Anyone experiencing a mental health crisis in America will soon be able to call for help as easy as it is to call 911.A new three-digit number goes into effect in mid-July. Federal legislation passed in 2020 requires states to transition from the 10-digit national suicide prevention lifeline number (1-800-273-8255) to 988 by July 16.Just over a month away, mental health advocates are concerned the system is going to be overwhelmed and funding is not in place to address issues and concerns that arise.According to the Centers for Disease Control and Prevention, 1 in 5 Americans will experience a mental illness in a given year.”The number of people who are being impacted by mental health has continued to accelerate over the last two years, and the need is extremely high right now. We just hired two new people. We’re stretched very thin,” said Nancy Eigel-Miller, Executive Director of 1N5, a nonprofit that works to educate and raise awareness about mental health.”I’m happy that they’re creating a number that makes it really easy for people to call, and it should be widely promoted so people know what it is,” Eigel-Miller said. “But I am very concerned. I mean there’s a major workforce shortage that’s happening across the board, and the last thing you want to happen is that someone calls the number and nobody picks it upIn Ohio, 988 will accept calls, texts and chats from anyone experiencing a mental health or addiction crisis or anyone concerned for a loved one going through a crisis. House Bill 468, which establishes the hotline in Ohio and the infrastructure to pay for it, passed the Ohio House and is currently sitting in a Senate subcommittee. “People across America really need 988. They need an easy way to get ahold of someone who can help them if they or a loved one is struggling with a mental health emergency,” said Julie Cerel, University of Kentucky professor and director of the Suicide Prevention & Exposure Lab. “There’s been a lot of scrambling around, but almost every state is not ready for this rollout,” Cerel said. She said increased attention on the hotline, the press surrounding the launch and the number of Americans actively in need of help are expected to lead to a surge of calls.”The call volume, the estimates are, will go up somewhere between 20 to 40 percent,” Cerel said. “Without a lot of resources to have the very best trained people answering those phone lines, it’s a little worrisome that there’s going to be a lot of demand and wait times could be high or not the best people could be answering the phones.”At the state level, Ohio, Kentucky and Indiana have spent more than a year preparing for the switch to 988. Lawmakers still need to address long-term funding concerns for the program.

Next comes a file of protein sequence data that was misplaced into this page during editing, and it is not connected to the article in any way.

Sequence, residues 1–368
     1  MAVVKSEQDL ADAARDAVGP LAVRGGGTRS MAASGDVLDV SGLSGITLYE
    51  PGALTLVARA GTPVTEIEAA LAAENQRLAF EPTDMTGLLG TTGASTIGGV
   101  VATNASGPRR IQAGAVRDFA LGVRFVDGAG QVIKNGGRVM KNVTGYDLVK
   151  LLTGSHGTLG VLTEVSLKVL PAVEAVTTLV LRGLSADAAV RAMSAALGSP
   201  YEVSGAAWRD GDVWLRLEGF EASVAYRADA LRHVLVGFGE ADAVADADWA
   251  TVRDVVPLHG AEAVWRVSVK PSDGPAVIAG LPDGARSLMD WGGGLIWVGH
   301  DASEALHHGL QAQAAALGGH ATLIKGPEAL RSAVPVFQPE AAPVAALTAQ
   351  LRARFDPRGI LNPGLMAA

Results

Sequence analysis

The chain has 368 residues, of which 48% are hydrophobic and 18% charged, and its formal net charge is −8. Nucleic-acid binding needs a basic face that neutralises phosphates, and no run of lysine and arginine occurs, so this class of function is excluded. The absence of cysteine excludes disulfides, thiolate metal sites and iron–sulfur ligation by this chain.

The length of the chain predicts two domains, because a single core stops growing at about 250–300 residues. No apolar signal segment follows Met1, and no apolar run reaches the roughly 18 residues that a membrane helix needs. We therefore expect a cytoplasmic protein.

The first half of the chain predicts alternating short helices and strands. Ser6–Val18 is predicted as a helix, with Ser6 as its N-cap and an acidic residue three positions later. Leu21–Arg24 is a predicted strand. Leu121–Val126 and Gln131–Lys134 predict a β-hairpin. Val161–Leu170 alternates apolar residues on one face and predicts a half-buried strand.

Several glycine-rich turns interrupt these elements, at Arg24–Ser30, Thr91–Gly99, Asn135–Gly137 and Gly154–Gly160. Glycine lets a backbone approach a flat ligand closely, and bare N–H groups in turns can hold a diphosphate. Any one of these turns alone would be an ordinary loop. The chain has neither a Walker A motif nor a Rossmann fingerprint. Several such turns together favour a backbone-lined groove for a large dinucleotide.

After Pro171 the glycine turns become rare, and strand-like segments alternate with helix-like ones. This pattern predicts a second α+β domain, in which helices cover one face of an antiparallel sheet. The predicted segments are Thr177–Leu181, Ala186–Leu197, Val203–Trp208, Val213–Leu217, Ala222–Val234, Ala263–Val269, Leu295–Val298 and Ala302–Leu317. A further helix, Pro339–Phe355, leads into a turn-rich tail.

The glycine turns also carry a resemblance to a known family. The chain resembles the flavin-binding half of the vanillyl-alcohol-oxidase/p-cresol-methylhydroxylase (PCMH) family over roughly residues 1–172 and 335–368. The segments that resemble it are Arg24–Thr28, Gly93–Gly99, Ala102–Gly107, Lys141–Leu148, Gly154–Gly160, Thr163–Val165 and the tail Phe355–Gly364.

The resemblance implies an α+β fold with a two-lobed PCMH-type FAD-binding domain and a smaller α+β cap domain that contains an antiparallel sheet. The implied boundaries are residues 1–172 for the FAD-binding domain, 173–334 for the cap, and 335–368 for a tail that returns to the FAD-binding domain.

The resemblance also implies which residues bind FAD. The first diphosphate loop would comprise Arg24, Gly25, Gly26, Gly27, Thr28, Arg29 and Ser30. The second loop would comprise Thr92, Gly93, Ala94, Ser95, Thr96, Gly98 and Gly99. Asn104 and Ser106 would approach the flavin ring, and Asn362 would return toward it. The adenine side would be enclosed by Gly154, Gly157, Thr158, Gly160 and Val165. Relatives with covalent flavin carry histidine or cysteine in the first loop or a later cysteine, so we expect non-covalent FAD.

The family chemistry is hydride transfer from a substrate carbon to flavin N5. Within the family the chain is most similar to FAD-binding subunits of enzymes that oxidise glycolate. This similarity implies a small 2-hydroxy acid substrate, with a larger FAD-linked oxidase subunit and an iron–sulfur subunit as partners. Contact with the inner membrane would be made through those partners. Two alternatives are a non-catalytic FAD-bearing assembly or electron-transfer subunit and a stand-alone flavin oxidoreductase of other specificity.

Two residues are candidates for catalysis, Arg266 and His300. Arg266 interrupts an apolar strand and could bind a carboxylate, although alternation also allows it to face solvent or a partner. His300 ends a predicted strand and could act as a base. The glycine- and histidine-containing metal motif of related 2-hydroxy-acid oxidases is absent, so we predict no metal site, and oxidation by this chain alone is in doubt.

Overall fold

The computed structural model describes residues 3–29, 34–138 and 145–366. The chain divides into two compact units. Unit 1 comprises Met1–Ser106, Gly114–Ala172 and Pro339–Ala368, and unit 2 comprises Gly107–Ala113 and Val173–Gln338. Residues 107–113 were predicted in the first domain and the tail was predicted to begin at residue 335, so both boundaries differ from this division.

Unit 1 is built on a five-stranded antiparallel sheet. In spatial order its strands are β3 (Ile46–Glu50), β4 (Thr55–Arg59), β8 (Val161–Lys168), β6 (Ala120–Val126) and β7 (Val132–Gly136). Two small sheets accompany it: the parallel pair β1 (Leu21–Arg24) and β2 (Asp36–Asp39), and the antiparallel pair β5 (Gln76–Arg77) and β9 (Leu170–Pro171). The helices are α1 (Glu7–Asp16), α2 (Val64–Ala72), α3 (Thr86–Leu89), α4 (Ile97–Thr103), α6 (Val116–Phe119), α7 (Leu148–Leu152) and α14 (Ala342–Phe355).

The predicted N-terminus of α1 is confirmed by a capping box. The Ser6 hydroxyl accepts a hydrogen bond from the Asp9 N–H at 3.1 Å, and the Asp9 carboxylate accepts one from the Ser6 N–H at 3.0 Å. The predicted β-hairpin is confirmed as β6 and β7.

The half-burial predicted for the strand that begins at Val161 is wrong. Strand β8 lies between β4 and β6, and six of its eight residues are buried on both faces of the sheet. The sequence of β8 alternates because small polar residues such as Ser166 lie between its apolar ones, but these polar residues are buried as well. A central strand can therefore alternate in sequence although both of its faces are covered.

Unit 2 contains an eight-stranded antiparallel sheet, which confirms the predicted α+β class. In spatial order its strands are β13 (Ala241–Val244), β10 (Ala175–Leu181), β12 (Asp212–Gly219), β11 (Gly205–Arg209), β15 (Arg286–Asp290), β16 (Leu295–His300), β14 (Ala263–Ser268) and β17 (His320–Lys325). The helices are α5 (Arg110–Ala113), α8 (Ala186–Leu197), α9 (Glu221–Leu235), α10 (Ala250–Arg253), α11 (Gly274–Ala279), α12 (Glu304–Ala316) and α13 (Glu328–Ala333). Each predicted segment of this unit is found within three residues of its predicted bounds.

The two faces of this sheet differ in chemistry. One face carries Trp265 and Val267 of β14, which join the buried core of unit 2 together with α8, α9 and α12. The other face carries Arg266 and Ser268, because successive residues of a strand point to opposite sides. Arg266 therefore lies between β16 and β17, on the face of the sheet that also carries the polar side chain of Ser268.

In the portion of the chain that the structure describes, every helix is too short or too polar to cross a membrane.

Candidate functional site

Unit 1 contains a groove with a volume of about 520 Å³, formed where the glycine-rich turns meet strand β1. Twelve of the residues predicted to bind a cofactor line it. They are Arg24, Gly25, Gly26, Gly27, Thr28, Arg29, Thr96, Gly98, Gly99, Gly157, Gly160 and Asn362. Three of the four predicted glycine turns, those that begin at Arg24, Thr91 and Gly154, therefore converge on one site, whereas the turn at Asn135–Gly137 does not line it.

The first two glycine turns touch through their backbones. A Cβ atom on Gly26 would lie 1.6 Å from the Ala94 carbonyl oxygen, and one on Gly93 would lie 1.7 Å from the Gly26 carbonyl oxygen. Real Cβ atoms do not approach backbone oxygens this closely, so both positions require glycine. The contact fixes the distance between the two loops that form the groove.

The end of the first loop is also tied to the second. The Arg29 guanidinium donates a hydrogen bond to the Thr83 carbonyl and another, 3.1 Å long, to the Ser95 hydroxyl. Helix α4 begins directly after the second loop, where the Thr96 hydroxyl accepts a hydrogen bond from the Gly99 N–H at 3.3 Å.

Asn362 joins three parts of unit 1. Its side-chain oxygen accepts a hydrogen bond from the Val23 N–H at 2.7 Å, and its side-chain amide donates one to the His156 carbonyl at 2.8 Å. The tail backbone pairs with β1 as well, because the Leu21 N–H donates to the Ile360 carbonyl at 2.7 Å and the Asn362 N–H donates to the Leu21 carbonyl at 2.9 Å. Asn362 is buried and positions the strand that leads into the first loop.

Anyone experiencing a mental health crisis in America will soon be able to call for help as easy as it is to call 911.

A new three-digit number goes into effect in mid-July. Federal legislation passed in 2020 requires states to transition from the 10-digit national suicide prevention lifeline number (1-800-273-8255) to 988 by July 16.

Just over a month away, mental health advocates are concerned the system is going to be overwhelmed and funding is not in place to address issues and concerns that arise.

According to the Centers for Disease Control and Prevention, 1 in 5 Americans will experience a mental illness in a given year.

“The number of people who are being impacted by mental health has continued to accelerate over the last two years, and the need is extremely high right now. We just hired two new people. We’re stretched very thin,” said Nancy Eigel-Miller, Executive Director of 1N5, a nonprofit that works to educate and raise awareness about mental health.

“I’m happy that they’re creating a number that makes it really easy for people to call, and it should be widely promoted so people know what it is,” Eigel-Miller said. “But I am very concerned. I mean there’s a major workforce shortage that’s happening across the board, and the last thing you want to happen is that someone calls the number and nobody picks it up

In Ohio, 988 will accept calls, texts and chats from anyone experiencing a mental health or addiction crisis or anyone concerned for a loved one going through a crisis.

House Bill 468, which establishes the hotline in Ohio and the infrastructure to pay for it, passed the Ohio House and is currently sitting in a Senate subcommittee.

“People across America really need 988. They need an easy way to get ahold of someone who can help them if they or a loved one is struggling with a mental health emergency,” said Julie Cerel, University of Kentucky professor and director of the Suicide Prevention & Exposure Lab.

“There’s been a lot of scrambling around, but almost every state is not ready for this rollout,” Cerel said.

She said increased attention on the hotline, the press surrounding the launch and the number of Americans actively in need of help are expected to lead to a surge of calls.

“The call volume, the estimates are, will go up somewhere between 20 to 40 percent,” Cerel said. “Without a lot of resources to have the very best trained people answering those phone lines, it’s a little worrisome that there’s going to be a lot of demand and wait times could be high or not the best people could be answering the phones.”

At the state level, Ohio, Kentucky and Indiana have spent more than a year preparing for the switch to 988. Lawmakers still need to address long-term funding concerns for the program.



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